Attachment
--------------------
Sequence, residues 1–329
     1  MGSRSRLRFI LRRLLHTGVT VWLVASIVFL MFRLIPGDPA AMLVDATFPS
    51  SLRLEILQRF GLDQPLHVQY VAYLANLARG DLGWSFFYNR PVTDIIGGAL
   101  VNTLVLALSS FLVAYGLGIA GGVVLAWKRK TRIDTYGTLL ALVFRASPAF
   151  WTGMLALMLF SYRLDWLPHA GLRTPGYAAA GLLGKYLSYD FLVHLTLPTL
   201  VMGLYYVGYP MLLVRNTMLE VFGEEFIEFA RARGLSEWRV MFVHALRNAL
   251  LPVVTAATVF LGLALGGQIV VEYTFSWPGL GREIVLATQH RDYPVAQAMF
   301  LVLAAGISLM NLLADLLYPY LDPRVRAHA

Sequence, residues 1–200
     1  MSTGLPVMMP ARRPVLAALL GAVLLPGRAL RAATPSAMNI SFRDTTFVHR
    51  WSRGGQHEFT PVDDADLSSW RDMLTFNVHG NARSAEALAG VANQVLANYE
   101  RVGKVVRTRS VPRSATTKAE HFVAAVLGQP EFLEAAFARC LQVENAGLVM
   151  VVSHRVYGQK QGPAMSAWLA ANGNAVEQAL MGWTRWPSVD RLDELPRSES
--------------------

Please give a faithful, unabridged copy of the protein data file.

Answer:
Sequence, residues 1–329
     1  MGSRSRLRFI LRRLLHTGVT VWLVASIVFL MFRLIPGDPA AMLVDATFPS
    51  SLRLEILQRF GLDQPLHVQY VAYLANLARG DLGWSFFYNR PVTDIIGGAL
   101  VNTLVLALSS FLVAYGLGIA GGVVLAWKRK TRIDTYGTLL ALVFRASPAF
   151  WTGMLALMLF SYRLDWLPHA GLRTPGYAAA GLLGKYLSYD FLVHLTLPTL
   201  VMGLYYVGYP MLLVRNTMLE VFGEEFIEFA RARGLSEWRV MFVHALRNAL
   251  LPVVTAATVF LGLALGGQIV VEYTFSWPGL GREIVLATQH RDYPVAQAMF
   301  LVLAAGISLM NLLADLLYPY LDPRVRAHA

Sequence, residues 1–200
     1  MSTGLPVMMP ARRPVLAALL GAVLLPGRAL RAATPSAMNI SFRDTTFVHR
    51  WSRGGQHEFT PVDDADLSSW RDMLTFNVHG NARSAEALAG VANQVLANYE
   101  RVGKVVRTRS VPRSATTKAE HFVAAVLGQP EFLEAAFARC LQVENAGLVM
   151  VVSHRVYGQK QGPAMSAWLA ANGNAVEQAL MGWTRWPSVD RLDELPRSES